I feel an inherent need for my thinking to have order, and only when this exists do I feel safe enough to explore within the frame and, in turn, push the boundaries of my comfort levels.

By definition, a frame would be some sort of structure in which I could organize my thinking. After all, I grew up colouring within the lines, working with organizers and schedules, diligently following the rules, etc. Now, with blogging and the Internet, the boundaries are illusive, or often self-imposed, and the possibilities are seemingly endless. Ironically, despite my comfort with structure, I have always encouraged students to think outside the box and take risks. I recognize that frames can inhibit creativity, while also being problematic and limiting (whether it is colouring or building web pages).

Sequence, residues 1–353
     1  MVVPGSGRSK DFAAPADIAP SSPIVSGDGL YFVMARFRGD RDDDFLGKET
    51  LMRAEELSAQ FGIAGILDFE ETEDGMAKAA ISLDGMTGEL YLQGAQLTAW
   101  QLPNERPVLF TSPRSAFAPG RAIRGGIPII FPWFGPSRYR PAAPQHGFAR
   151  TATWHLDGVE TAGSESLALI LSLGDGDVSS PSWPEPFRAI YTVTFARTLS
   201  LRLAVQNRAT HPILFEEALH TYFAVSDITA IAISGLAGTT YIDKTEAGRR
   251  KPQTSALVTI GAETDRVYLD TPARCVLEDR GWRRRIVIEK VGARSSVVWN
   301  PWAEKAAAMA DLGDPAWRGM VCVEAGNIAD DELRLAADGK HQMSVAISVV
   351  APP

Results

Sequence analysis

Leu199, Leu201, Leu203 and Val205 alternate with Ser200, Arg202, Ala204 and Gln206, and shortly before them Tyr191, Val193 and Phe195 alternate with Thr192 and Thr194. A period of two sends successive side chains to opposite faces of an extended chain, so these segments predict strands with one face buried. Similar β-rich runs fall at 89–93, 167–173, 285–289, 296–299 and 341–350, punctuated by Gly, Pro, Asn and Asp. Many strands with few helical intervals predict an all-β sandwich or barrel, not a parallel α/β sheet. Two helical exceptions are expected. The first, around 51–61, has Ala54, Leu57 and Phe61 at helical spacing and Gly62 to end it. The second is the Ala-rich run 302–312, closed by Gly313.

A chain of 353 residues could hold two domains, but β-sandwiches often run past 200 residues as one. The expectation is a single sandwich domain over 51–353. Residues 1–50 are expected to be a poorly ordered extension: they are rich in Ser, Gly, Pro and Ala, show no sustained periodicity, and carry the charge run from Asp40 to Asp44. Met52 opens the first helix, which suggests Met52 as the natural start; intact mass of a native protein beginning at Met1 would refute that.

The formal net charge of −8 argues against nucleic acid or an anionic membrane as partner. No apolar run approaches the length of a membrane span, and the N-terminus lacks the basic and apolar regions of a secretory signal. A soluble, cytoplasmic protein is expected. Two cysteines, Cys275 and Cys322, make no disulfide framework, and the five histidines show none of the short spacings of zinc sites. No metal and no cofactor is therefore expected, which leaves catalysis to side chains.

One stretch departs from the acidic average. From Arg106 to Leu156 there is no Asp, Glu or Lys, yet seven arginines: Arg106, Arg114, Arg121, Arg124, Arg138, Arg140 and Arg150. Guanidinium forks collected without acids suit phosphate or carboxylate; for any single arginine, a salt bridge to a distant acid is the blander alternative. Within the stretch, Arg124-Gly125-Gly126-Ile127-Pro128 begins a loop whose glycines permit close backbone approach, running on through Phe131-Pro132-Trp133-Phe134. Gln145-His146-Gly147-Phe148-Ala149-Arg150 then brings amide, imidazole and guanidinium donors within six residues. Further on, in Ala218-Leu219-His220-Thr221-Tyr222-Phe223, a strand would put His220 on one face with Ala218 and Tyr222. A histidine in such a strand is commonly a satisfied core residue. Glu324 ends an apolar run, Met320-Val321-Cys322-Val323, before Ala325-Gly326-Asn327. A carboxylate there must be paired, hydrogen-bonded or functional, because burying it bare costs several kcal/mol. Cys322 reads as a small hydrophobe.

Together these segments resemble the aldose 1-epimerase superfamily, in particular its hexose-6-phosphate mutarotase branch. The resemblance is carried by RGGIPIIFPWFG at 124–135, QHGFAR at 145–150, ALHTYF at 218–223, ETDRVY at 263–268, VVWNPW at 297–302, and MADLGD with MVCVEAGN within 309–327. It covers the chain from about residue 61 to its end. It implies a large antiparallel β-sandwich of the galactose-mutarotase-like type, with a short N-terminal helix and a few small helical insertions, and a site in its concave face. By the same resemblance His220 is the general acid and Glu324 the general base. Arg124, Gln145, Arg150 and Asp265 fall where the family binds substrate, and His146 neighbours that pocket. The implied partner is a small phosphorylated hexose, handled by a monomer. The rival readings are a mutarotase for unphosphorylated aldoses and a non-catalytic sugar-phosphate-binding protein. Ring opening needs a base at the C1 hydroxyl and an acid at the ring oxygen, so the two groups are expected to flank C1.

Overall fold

Should order and structure necessarily be important in navigating the online environment? As we explore and learn in this environment, it seems that chaos often prevails. But, is it chaos, or do we have so many options and directional choices these days that it seems to be chaotic? Could it be that instead of welcoming and learning to filter and explore the variety of options, we label this online experience as chaotic and approach it with unease? Instead, as I am learning, we need  to embrace this new reality and accept that the framework is not always clear. We need to  learn how to navigate within this fluid and constantly changing environment. Every step we take provides us with a bank of experiences which become invaluable as we continue to charter into the unknown. If we don’t change our approach, we will miss out on so many wonderful opportunities to learn, connect, and grow!

The Power of Quiet

A Blog Worth Reading:

Via Elena Aguilar and http://www.edutopia.org/

The Power of Introverts: An Essential Understanding for Teachers


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Staying the Course: Connections, Reciprocity, and the Web